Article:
Statistically speaking 70% of church planters fail. Those statistics turn around dramatically if the church planter has been assessed, trained, and coached competently and consistently.
Church planting organizations, networks, churches, and denominations have all worked out their own systems about how church planters should be assessed, trained and coached.
I wrote in my first book Church Zero about how Paul trained planters, but how did he assess them?
I believe that Paul had three separate stages of assessment, and this has always worked well for me on the field.
The first stage is the calling and character of the church planter.
In one sense, I began to feel that all believers were called to plant churches. Like the Mormons who devoted two years of their youth to become bicycle pedaling missionaries, I believe that every Christian should spend a few years involved in the early stages of a church plant. The amount of good it will do them, and any Christian to engage on the front lines of mission cannot be overemphasized. While theologians and professors argue about the right way to do it, I prefer to take Moody’s tact and say, “I prefer my way to doing it, to your way of not doing anything”.
Although I believe that everyone is called to be on a church planting team, I don’t believe that everyone is called to lead one.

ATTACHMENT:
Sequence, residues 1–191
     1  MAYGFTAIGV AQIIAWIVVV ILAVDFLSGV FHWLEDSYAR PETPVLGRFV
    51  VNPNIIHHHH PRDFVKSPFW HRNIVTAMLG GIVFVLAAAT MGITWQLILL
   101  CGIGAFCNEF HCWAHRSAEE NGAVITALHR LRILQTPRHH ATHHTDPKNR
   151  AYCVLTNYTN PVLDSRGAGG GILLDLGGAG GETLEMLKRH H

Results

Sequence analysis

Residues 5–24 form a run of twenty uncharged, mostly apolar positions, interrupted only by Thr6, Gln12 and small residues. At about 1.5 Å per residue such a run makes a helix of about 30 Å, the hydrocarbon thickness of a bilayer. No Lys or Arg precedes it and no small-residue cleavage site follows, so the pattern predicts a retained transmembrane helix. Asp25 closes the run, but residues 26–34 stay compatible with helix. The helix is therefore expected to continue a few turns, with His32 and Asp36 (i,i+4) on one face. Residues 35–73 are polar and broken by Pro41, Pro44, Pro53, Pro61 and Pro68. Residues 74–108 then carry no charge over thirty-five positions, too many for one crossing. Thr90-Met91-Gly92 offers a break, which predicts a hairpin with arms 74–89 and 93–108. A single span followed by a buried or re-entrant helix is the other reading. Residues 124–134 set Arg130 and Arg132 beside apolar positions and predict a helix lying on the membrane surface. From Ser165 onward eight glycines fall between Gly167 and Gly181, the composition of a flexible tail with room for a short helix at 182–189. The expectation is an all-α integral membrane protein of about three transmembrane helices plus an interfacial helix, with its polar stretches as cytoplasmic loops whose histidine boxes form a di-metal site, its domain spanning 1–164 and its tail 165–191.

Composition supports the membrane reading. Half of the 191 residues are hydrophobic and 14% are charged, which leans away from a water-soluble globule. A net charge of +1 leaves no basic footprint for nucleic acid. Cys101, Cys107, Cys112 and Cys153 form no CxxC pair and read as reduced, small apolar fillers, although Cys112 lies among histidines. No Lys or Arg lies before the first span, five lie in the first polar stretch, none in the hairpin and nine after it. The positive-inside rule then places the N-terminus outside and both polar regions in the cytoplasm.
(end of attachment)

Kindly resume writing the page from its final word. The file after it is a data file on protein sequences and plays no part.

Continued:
This is where the first assessment comes in, and almost every team believes that this is crucial. The first assessment centers in on the calling and character of a planter. The call to plant a church is an apostolic call, and not all Christians have this calling. Therefore whenever Paul addresses a former church plant, he reminds them of his calling; “Paul, and apostle by the will of God” or similar language. Paul is letting his readers know that he didn’t take this calling upon himself, but was commissioned by God to do it. Not only that, in Acts 13, the propK.hetic word came to the believers as they prayed, “Set apart Paul and Barnabas to the work that I’ve called them.
Nobody should ever take it upon themselves to plant a church.
Nor does everyone have the character to do so. I believe that Paul emphasizes character for eldership for this very reason. Like a well-seasoned General, he’d been around all different kinds of men. Leaders vary in caliber, and Paul had served with the most encouraging, and discouraging varieties. He’d learned with Wesley that the only thing you should ever expect from people is to be disappointed. And this lesson landed hard when his second church planting partner, John-Mark turned back on the field of battle, abandoning them while the bullets were still flying.
He exhorted Timothy to endure hardship like a good soldier, and not to flinch in the face of opposition. Church planting isn’t for the weak of heart, or lilied of the liver. I believe that besides the moral character of the planter, Paul was assessing the moral fiber and fortitude of a planter because it played an equally important role.
When asked what the number one quality of a church planter should be, my usual response is “endurance”.
Once Paul assessed the calling and character of a young planter, and was ready to take them along on his missionary journeys, they’d passed the first assessment. They’d made it into the the training phase…the on the job training phase.
And that’s where the real assessment began…